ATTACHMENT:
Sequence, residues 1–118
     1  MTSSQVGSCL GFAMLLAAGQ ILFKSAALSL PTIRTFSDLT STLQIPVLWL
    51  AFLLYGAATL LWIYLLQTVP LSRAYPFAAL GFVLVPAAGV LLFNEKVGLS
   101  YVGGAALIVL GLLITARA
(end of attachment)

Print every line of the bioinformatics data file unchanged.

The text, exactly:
Sequence, residues 1–118
     1  MTSSQVGSCL GFAMLLAAGQ ILFKSAALSL PTIRTFSDLT STLQIPVLWL
    51  AFLLYGAATL LWIYLLQTVP LSRAYPFAAL GFVLVPAAGV LLFNEKVGLS
   101  YVGGAALIVL GLLITARA